Will there be public involvement?

Rousing the Rabble by Roy Ronaghan, Gazette Dec. 3.

How will the Corporation of the City of Grand Forks be governed over the next four years with a new mayor and six councillors, each with their own vision of how the city should be run? The question is a legitimate one that is on the minds of many residents, given the public criticism of the outgoing council for the better part of 2014.

What is known about the new council is that three of them have council experience. What is not known is whether individual members will be able to put aside their personal biases and work with others to formulate a clear vision for the future and govern the city to the satisfaction of the majority of residents.

The council’s first major task is to develop a strategic plan to guide its work through the next four years. Will it continue what has been the practice for several years and do its planning without public input or will it break with tradition and involve city residents?

Past strategic planning sessions have involved the council and staff in a two-day planning session in early January where issues relevant to the operation of the city are discussed and prioritized.During the election campaign issues that were mentioned were wide ranging: a decaying infrastructure, revitalizing Market Avenue, growth and development in the area, job creation, the need to make Grand Forks a GMO-free zone, food security, and water conservation, to name a few. Will some or all of them remain on the council’s list?

None of the councillors or the mayor presented enough information during the campaign to give voters any idea of what they might pursue once in office.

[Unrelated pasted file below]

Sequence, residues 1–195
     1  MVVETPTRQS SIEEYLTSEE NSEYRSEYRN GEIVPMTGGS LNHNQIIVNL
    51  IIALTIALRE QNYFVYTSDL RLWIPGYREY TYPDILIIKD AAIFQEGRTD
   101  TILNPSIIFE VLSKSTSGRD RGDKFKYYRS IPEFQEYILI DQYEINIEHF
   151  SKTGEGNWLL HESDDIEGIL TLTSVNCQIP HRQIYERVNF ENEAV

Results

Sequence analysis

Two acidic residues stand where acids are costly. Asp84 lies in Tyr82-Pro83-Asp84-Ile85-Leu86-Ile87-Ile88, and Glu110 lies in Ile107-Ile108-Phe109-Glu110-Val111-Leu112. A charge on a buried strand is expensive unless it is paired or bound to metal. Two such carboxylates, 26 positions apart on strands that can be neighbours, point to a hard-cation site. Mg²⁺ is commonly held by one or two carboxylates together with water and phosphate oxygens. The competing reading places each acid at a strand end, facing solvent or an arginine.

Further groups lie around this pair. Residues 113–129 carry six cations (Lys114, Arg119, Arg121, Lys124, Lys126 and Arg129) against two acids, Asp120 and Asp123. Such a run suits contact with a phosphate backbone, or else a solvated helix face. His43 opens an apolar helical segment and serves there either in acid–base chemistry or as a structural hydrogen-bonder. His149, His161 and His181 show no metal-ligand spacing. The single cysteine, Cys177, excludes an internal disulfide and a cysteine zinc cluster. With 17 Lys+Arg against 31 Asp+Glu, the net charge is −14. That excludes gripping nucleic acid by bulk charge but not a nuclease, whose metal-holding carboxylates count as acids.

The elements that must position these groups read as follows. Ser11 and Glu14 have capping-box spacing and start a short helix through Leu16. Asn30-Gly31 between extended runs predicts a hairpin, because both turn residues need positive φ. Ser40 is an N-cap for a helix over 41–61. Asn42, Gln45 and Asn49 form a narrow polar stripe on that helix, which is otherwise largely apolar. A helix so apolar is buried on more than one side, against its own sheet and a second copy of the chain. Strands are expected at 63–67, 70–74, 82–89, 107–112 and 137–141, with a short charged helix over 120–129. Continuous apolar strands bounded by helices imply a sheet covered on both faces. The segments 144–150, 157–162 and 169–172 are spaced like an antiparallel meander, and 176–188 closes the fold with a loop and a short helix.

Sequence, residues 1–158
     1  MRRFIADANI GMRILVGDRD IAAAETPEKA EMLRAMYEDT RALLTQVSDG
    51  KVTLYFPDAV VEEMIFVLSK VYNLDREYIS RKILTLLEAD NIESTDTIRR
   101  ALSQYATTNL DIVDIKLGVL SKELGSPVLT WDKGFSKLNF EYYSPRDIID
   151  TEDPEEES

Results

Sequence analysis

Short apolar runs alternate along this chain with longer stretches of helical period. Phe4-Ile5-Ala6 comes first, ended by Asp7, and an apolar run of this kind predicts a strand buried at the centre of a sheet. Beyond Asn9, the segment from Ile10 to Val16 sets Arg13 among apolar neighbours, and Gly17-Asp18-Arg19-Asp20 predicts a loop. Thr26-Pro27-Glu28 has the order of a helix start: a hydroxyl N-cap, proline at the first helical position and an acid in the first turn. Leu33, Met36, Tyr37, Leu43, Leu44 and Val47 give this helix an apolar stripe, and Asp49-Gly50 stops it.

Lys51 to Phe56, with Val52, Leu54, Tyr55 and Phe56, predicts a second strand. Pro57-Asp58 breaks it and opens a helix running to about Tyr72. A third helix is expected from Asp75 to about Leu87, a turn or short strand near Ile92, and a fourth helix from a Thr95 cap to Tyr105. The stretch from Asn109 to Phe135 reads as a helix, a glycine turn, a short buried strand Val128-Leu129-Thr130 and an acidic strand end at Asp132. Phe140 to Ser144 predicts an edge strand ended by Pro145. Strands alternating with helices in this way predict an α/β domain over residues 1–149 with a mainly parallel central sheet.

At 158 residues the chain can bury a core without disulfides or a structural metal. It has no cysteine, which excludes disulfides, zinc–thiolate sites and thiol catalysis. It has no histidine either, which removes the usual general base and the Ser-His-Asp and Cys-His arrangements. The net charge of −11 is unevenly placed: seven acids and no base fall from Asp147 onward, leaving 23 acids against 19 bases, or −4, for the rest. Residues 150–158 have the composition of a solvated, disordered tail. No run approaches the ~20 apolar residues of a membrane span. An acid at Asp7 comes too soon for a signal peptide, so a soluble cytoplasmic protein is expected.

The outgoing council was admonished by a group of residents who were furious about not being involved in the decision to install water meters. The group presented a petition and called for a town hall meeting but to no avail. Did they have a legitimate case? After all, the matter of water meters had been discussed by councils for over a decade.

The City of Portland, Oregon believes in public involvement and to ensure that city decisions “respond to the needs and priorities of the community,” city government developed a set of public involvement principles in 2010, based on the premise that “Portland city government works best when community members and government work as partners.”

The Portland model is formed around several basic principles: that community members have a right to be involved early in city policy development and city programs and projects; that working relationships with the community must be long-term and collaborative; that public inclusiveness is critical; that design processes must be flexible enough to accommodate a range of projects or policies; that public decision-making processes must be open, honest and understandable; that public decision-making processes are transparent (accessible and open); and that city leaders and staff must ensure that public involvement is meaningful.

What form will public involvement take in the next four years in Grand Forks, if it takes place at all? Will time-consuming and costly referenda be used? Will town hall meetings occur regularly? Will questionnaires be used on occasion to determine public opinion? Will the social media become a common means of communication?If the council and staff agree that public involvement is critical on all major initiatives, their first major task has to be to develop a set of principles similar to those adopted by the City of Portland.

Should the council and staff decide public involvement is time-consuming and unnecessary, residents could form an advisory council comprised of a wide cross-section of the population. Such a group could provide much needed information on how the public feels about city initiatives of all sorts.

Perhaps there should be an advisory council regardless what the council and staff decide.

 

 

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